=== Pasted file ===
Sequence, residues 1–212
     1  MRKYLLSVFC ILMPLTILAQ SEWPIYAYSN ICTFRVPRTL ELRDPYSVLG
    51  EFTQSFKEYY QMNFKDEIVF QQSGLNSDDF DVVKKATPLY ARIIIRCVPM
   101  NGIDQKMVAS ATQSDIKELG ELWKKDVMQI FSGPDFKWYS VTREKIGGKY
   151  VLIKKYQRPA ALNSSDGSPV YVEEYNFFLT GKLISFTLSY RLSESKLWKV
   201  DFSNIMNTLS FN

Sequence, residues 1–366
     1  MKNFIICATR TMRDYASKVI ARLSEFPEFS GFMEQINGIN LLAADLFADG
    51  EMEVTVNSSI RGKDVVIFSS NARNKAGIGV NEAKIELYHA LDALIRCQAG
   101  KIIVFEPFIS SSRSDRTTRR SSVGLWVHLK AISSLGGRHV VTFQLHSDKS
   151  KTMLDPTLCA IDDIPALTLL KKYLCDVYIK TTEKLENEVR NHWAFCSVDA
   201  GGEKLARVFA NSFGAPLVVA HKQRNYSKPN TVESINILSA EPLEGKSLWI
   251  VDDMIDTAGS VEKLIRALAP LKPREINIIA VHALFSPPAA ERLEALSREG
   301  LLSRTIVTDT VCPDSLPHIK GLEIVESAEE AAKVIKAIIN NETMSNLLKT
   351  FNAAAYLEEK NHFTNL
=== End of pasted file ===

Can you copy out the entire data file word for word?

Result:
Sequence, residues 1–212
     1  MRKYLLSVFC ILMPLTILAQ SEWPIYAYSN ICTFRVPRTL ELRDPYSVLG
    51  EFTQSFKEYY QMNFKDEIVF QQSGLNSDDF DVVKKATPLY ARIIIRCVPM
   101  NGIDQKMVAS ATQSDIKELG ELWKKDVMQI FSGPDFKWYS VTREKIGGKY
   151  VLIKKYQRPA ALNSSDGSPV YVEEYNFFLT GKLISFTLSY RLSESKLWKV
   201  DFSNIMNTLS FN

Sequence, residues 1–366
     1  MKNFIICATR TMRDYASKVI ARLSEFPEFS GFMEQINGIN LLAADLFADG
    51  EMEVTVNSSI RGKDVVIFSS NARNKAGIGV NEAKIELYHA LDALIRCQAG
   101  KIIVFEPFIS SSRSDRTTRR SSVGLWVHLK AISSLGGRHV VTFQLHSDKS
   151  KTMLDPTLCA IDDIPALTLL KKYLCDVYIK TTEKLENEVR NHWAFCSVDA
   201  GGEKLARVFA NSFGAPLVVA HKQRNYSKPN TVESINILSA EPLEGKSLWI
   251  VDDMIDTAGS VEKLIRALAP LKPREINIIA VHALFSPPAA ERLEALSREG
   301  LLSRTIVTDT VCPDSLPHIK GLEIVESAEE AAKVIKAIIN NETMSNLLKT
   351  FNAAAYLEEK NHFTNL